|From:||Julian Markwort <julian(dot)markwort(at)uni-muenster(dot)de>|
|To:||Peter Eisentraut <peter(dot)eisentraut(at)2ndquadrant(dot)com>, Simon Riggs <simon(at)2ndquadrant(dot)com>, David Steele <david(at)pgmasters(dot)net>|
|Cc:||PostgreSQL-development <pgsql-hackers(at)postgresql(dot)org>, marius(dot)timmer(at)uni-muenster(dot)de, arne(dot)scheffer(at)uni-muenster(dot)de|
|Subject:||Re: [HACKERS] [FEATURE PATCH] pg_stat_statements with plans (v02)|
|Views:||Raw Message | Whole Thread | Download mbox|
I'd like to follow up to my previous proposition of tracking (some) best
and worst plans for different queries in the pg_stat_statements extension.
Based on the comments and suggestions made towards my last endeavour,
I've taken the path of computing the interquartile distance (by means of
an adapted z-test, under the assumption of normal distribution, based on
the mean_time and stddev_time already used by the extension).
A bad plan is recorded, if there is no previously recorded plan, or if
the current execution time is greater than the maximum of the previously
recorded plan's time and the query's mean+1.5*interquartile_distance.
A good plan is recorded on a similar condition; The execution time needs
to be shorter than the minimum of the previously recorded good plan's
time and the query's mean-1.5*interquartile_distance.
The boundaries are chosen to resemble the boundaries for whiskers in
Using these boundaries, plans will be updated very seldomly, as long as
they are more or less normally distributed.
Changes in the plans (for example the use of indices) used for each kind
of query will most likely result in execution times exceeding these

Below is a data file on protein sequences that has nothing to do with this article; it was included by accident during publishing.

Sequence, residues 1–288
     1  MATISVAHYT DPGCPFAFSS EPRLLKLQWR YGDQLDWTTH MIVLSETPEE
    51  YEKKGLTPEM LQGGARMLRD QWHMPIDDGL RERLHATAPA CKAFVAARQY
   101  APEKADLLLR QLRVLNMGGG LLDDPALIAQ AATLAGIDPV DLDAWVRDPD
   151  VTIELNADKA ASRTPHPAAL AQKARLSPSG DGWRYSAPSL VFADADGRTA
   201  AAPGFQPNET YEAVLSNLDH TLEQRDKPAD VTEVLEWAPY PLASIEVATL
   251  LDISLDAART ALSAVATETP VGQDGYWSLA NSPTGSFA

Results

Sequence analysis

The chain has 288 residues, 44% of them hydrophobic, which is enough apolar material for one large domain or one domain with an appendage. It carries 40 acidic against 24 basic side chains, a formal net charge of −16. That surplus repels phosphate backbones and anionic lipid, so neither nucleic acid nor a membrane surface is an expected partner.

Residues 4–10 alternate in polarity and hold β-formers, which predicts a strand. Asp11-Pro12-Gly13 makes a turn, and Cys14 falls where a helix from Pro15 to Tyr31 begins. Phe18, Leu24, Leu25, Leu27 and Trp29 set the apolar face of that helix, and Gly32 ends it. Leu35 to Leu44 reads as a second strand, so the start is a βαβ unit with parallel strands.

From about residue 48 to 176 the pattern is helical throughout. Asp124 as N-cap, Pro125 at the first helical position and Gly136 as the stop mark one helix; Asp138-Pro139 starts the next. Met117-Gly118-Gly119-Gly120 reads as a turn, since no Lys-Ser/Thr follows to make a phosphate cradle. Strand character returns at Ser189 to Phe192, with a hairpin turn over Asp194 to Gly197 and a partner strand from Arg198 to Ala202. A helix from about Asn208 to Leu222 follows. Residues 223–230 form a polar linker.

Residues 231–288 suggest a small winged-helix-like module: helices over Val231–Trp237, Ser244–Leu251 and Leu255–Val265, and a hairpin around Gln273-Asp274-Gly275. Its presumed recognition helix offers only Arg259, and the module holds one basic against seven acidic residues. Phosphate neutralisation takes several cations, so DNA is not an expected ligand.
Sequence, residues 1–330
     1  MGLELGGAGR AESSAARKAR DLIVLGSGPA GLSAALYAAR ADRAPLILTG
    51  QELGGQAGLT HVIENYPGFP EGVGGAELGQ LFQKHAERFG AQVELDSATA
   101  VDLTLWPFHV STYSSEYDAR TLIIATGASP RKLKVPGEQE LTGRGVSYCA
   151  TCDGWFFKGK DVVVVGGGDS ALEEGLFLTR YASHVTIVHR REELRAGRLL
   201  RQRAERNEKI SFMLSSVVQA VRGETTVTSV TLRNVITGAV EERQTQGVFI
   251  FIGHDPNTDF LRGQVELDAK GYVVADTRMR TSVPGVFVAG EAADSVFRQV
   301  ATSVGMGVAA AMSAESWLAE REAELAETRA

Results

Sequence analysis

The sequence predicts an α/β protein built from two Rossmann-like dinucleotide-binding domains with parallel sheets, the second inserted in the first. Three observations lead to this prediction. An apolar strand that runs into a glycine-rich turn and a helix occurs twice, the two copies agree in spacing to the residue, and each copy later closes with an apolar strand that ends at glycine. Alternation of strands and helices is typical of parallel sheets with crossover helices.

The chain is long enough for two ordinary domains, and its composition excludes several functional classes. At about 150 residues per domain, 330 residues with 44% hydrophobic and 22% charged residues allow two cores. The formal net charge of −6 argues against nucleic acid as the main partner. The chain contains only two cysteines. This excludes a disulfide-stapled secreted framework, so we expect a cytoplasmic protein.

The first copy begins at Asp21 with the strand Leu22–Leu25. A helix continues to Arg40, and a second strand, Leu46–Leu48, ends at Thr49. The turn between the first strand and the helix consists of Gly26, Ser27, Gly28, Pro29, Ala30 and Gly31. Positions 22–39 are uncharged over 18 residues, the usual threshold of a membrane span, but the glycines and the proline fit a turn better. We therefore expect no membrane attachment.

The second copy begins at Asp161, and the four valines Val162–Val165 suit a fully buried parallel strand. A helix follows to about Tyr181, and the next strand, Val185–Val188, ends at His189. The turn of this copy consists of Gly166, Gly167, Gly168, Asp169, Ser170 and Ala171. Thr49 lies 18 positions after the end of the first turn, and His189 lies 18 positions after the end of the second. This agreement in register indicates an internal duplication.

boundaries, so such changes are (very probably) recorded.
The ideal solution would be to compare the current plan with the last
plan and only update when there is a difference between them, however I
think this is unreasonably complex and a rather expensive task to
compute on the completion of every query.
The intent of this patch is to provide a quick insight into the plans
currently used by the database for the execution of certain queries. The
tracked plans only represent instances of queries with very good or very
I've (re)submitted this patch for the next commitfest as well.
On 03/04/2017 02:56 PM, Julian Markwort wrote:
> Alright, for the next version of this patch I'll look into standard
> deviation (an implementation of Welfords' algorithm already exists in
> On 3/4/17 14:18, Peter Eisentraut wrote:
>> The other problem is that this measures execution time, which can vary
>> for reasons other than plan. I would have expected that the cost
>> numbers are tracked somehow.
> I've already thought of tracking specific parts of the explanation,
> like the cost numbers, instead of the whole string, I'll think of
> something, but if anybody has any bright ideas in the meantime, I'd
> gladly listen to them.
>> There is also the issue of generic vs specific plans, which this
>> approach might be papering over.
> Would you be so kind and elaborate a little bit on this? I'm not sure
> if I understand this correctly. This patch only tracks specific plans,
> yes. The inital idea was that there might be some edge-cases that are
> not apparent when looking at generalized plans or queries.
> kind regards
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